February 22, 2013
In 1994, Julie Languille lived at the epicenter of the Northridge earthquake, which struck the Los Angeles neighborhood with a magnitude of 6.7. She and her family were without power for two weeks, and the long lines at nearby grocery stores soon began to shrink as food ran out.
“It just became really important to me as part of my feeling of security and good planning for my family to have meals on hand,” Languille says.
The Puget Sound resident, who also runs a dinner planning website, has been canning meals since, and her recipes, ranging from oatmeal and macaroni and cheese to braised chicken and pulled pork, are featured in a cookbook published next month. Two years ago, Languille installed a full-scale food storage unit in her home, filling it with almost 100 jars of basic ingredients like meats and veggies to complex ready-made recipes for baby back ribs and chicken noodle soup. Besides canning and sealing tools, an assortment of jars and enough room in the kitchen, the only other ingredients necessary are water and some heat.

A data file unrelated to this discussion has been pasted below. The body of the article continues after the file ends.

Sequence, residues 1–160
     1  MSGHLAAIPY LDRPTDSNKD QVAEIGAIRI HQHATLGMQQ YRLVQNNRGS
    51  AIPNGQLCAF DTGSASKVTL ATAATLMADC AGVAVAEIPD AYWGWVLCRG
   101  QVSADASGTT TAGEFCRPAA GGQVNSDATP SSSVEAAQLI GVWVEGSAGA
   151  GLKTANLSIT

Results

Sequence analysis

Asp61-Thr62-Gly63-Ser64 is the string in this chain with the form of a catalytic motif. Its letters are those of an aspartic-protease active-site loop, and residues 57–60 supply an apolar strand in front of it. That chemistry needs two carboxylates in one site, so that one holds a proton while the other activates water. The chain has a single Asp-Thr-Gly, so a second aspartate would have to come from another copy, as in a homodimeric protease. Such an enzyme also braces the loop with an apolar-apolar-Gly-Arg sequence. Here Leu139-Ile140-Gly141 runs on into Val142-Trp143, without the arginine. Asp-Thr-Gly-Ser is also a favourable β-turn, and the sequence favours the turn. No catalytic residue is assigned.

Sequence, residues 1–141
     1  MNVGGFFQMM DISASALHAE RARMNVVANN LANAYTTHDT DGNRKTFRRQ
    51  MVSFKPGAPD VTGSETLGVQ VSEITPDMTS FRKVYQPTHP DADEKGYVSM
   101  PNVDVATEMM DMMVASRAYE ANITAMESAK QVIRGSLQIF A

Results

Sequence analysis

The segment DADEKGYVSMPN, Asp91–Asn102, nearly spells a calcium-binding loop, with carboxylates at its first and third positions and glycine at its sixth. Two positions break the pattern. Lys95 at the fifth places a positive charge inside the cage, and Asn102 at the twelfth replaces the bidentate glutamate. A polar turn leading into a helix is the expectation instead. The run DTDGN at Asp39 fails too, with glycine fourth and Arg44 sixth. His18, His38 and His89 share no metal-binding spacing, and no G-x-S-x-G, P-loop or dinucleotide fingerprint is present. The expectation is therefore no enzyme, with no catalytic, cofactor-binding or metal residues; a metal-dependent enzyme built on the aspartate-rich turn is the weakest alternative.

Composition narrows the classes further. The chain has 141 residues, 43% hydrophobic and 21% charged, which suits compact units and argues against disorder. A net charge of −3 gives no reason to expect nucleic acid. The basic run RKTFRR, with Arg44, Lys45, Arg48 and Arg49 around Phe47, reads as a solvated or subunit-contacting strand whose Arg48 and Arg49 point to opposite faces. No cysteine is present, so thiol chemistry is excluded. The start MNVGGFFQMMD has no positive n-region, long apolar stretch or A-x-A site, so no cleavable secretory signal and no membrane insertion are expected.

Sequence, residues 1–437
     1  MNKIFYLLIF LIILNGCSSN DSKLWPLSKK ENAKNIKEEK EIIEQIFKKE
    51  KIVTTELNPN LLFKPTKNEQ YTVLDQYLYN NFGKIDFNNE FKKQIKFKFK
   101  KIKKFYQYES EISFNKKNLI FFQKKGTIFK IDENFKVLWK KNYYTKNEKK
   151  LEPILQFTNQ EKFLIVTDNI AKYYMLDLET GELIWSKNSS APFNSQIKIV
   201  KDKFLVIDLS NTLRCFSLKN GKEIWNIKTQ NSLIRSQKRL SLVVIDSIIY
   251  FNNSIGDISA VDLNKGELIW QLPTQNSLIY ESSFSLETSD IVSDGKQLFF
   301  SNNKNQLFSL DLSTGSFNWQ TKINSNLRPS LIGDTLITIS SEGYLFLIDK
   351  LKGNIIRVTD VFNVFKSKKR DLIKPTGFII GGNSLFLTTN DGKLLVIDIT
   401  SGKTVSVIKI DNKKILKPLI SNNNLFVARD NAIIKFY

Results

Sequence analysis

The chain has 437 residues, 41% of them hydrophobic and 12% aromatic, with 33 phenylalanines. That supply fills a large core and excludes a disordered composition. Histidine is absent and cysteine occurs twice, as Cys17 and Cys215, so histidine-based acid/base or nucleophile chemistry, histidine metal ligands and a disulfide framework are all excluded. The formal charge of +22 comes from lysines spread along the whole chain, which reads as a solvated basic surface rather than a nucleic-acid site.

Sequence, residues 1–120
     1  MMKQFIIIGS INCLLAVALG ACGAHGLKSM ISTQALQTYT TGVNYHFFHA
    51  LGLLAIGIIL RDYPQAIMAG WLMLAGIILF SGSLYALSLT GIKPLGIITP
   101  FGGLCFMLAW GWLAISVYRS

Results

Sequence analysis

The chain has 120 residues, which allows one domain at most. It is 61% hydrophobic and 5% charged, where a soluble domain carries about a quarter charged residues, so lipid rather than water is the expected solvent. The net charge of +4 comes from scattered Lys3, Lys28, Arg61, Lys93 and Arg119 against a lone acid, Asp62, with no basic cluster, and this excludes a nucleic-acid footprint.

In her cookbook, Languille writes that her bags, jars, and boxes of shelf-stable meals are “insurance against hardship or hunger.” Aside from earthquakes and hurricanes, ready-made meals significantly cut prep time for dinner on a busy weeknight. No washing, cutting, chopping and measuring—that was done weeks or months ago. Jars contain 100 percent of the ingredients necessary (other than water) for any given recipe, which nixes an extra trip to the grocery store for a forgotten item.
When stored in a cool, dry and dark place, dry meals can last for decades. Almost every fruit or vegetable can be dehydrated, a 24-hour process at high temperatures, and freeze-dried meats, which Languille says she buys online, have a long shelf life. But does the flavor of the ingredients hold up?